Another commuter is aware of a congested corridor ahead and changes mode by stopping at a nearby park and ride to board a bus. This results in one less vehicle added to the congestion, a parking fee gets traded for bus fare, and technology assists the commuter in reading and communicating while riding as a passenger on the bus resulting in more productive work time.
Some commute corridors experience recurring congestion. Have static access to a suite of trip alternatives would be beneficial for typical congestion so a commuter could plan. Incidents are a common occurrence but time, location, and duration make any commute unpredictable. Having dynamic access to trip choice alternatives would benefit those commuters, employers and other businesses.
What resources will your organization commit to this project? (Data, access, staff time, dollars): WSDOT would commit staff time to assist in research and gathering data and making connections with other relevant data sources.
City of Portland Bureau of Planning and Sustainability's Challenge:City of Portland Bureau of Planning and Sustainability (BPS) is testing three types of air quality sensor devices to be deployed along an arterial roadway. BPS would like help creating flexible data visualization tools to help us more easily perform analysis of sensor air quality/climate data integrated with transportation data. Current analysis and data visualization is performed using R statistical language but a flexible data visualization tool would allow a variety of users to access data analysis. Below are example questions we want to ask and produce graphs for:
For a given time period, are the median and 95th percentile pollutant concentrations higher or lower in this area versus a second area? What are the differences in traffic volumes for the same time period?
For a given location, what is the diurnal pattern of pollution? Weekly diurnal patterns? Seasonal diurnal patterns?
What is the relationship between pollutant concentration and traffic volumes for a given location and specified period of time? Pollutant concentration versus wind speed, temperature, relative humidity, other pollutants?
Explain briefly the market demand for a solution: Flexible data visualization tools would be applicable to other types of data beyond air quality and climate sensors. Data collection of temporal and spatial measurements is on the rise across communities, research groups, and the private sector due to increased access to computer processing power, sensors/instruments, remote communication, and needs of data-driven decision making and citizen science. To process such data, perform analysis, and create reproducible reports, many applications need accessible, flexible data analysis and visualization tools. Such tools could be expanded to additional market demands and/or to help a firm’s own work and analysis be performed more efficiently.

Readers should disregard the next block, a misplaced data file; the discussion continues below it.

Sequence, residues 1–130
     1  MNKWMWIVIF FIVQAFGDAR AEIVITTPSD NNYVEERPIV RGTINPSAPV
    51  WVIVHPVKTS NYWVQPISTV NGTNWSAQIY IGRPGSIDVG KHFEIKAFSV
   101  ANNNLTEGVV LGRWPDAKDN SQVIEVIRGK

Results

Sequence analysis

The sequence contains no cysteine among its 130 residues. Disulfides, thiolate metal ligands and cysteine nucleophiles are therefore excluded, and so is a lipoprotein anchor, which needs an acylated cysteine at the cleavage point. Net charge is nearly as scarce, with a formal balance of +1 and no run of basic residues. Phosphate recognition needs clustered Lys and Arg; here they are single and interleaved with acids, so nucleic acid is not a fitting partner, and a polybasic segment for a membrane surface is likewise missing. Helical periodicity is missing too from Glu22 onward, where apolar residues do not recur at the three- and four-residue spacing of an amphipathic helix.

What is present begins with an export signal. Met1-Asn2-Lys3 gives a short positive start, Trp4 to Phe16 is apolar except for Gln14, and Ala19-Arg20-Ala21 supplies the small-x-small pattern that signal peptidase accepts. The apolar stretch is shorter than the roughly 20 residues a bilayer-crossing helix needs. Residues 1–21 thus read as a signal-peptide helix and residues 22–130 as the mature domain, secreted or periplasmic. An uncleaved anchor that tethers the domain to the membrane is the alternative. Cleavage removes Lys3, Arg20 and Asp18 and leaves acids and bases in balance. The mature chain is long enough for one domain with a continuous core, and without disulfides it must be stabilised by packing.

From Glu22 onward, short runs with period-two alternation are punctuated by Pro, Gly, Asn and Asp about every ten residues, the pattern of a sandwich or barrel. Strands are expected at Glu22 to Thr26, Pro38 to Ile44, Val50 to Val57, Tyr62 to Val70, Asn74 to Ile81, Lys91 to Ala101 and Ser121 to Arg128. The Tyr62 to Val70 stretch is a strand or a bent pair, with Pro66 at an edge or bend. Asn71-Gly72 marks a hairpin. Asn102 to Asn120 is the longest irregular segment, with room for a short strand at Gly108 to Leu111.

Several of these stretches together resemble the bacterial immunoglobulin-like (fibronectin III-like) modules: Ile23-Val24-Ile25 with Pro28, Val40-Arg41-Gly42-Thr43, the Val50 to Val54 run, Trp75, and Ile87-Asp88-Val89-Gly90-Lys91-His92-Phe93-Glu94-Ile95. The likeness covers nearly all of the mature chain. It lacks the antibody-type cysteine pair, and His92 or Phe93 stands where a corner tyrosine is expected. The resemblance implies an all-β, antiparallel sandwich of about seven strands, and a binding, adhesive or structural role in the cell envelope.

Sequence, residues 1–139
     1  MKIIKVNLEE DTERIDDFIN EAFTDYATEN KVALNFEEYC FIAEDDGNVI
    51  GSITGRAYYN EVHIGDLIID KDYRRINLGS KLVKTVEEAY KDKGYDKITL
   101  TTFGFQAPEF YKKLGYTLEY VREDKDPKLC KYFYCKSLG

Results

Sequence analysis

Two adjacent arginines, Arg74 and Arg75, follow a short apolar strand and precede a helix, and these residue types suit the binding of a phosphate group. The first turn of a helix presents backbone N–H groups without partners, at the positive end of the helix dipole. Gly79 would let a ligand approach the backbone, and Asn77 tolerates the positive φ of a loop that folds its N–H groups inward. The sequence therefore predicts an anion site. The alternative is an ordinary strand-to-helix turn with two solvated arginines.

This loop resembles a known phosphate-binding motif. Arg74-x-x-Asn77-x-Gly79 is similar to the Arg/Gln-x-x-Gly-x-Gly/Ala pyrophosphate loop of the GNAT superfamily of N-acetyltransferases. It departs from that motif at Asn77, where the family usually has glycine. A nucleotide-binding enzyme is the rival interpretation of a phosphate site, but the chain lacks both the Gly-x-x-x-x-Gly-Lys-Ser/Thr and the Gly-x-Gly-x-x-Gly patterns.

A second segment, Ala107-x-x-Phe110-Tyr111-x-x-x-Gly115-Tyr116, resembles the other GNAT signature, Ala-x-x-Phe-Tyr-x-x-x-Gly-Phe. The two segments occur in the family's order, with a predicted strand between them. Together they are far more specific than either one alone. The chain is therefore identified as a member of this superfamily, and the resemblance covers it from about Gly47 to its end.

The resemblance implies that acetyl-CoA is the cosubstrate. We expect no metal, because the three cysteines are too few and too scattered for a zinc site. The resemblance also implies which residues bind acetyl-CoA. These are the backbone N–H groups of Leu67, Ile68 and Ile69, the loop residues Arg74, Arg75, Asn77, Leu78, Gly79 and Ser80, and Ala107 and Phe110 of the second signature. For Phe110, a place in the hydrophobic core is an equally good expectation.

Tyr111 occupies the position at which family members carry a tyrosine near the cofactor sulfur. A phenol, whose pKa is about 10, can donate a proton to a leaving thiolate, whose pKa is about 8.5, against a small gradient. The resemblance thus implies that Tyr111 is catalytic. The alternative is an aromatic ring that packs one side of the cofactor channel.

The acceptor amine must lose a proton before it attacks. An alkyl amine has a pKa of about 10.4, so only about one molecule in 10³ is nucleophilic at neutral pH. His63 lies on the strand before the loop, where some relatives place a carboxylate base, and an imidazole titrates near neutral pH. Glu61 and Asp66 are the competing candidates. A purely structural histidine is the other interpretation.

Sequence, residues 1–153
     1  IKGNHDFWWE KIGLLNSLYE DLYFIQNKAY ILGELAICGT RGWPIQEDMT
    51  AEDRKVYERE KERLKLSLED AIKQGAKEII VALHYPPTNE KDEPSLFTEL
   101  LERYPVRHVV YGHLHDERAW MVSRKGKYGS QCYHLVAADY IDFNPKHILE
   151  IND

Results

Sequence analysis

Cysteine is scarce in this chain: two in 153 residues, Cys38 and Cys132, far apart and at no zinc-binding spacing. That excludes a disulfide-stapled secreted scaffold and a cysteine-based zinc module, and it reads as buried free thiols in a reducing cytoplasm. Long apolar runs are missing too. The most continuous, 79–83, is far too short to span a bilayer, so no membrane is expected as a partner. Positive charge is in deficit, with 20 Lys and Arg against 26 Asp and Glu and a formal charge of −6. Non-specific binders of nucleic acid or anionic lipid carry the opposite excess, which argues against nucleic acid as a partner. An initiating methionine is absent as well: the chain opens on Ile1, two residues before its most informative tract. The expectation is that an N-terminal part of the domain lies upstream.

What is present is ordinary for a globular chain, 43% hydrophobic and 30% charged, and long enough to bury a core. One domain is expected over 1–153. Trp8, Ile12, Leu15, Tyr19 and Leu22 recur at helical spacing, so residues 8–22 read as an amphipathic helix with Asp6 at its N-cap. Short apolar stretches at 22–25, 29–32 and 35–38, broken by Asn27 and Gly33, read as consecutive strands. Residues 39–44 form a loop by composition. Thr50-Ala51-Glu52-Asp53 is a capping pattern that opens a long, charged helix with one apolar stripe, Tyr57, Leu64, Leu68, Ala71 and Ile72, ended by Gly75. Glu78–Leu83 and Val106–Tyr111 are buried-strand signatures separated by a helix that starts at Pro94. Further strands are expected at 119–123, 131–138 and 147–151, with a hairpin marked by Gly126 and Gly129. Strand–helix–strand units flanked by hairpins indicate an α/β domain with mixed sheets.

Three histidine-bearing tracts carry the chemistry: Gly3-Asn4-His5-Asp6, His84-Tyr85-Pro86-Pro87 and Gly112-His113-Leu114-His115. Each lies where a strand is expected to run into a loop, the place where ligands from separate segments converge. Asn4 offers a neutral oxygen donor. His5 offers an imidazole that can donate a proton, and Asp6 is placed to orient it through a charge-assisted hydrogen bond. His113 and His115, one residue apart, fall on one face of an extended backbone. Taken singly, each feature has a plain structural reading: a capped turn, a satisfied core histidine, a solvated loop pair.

What resources will your organization commit to this project? (Data, access, staff time, dollars): BPS and Portland State University partners will provide access to integrated air quality/sensor and transportation data, share examples of current data analysis products and share and help further develop data analysis questions. BPS and Portland State University can also provide time to test and provide feedback on tools created.
City of Tualatin's Challenge: An integrated problem that focuses on maintain and enhancing workforce mobility and the alleviation of the arterial congestion on I-5 – termed as the last mile. The last mile issue focuses on the primary connection of the WES Station, servicing Wilsonville to Beaverton, and the accessibility to the primary industrial and commercial employment areas of Tualatin and the proposed SW Corridor project (access to downtown Portland) in Bridgeport Village. This three-mile deferential between targeted employment and transportation areas and the limited commute hours provided by the WES Line hinders access for both employers and employees – decreasing employment growth potential and workers overall quality of life. Identifying access solutions in addition to pavement construction could assist in sustaining and growing economic health and preserving and/or increasing quality of life.
Explain briefly the market demand for a solution: With nearly 30,000 workers equating to $1.6 billion dollars in annual payroll wages, Tualatin’s primary employment clusters of advanced manufacturing, food processing, and corporate and financial services require expanded solutions in addressing infrastructure and mobility constraints. With the demand and the service market of Tualatin, greater opportunities exist for a solution bearing organization to increase revenues and access to a client/customer base.
What resources will your organization commit to this project? (Data, access, staff time, dollars): Based on the offered solution, the City is willing to consider data, shared access agreements, dedicated staff time, and potential program funding as directed by City Management and Tualatin City Council.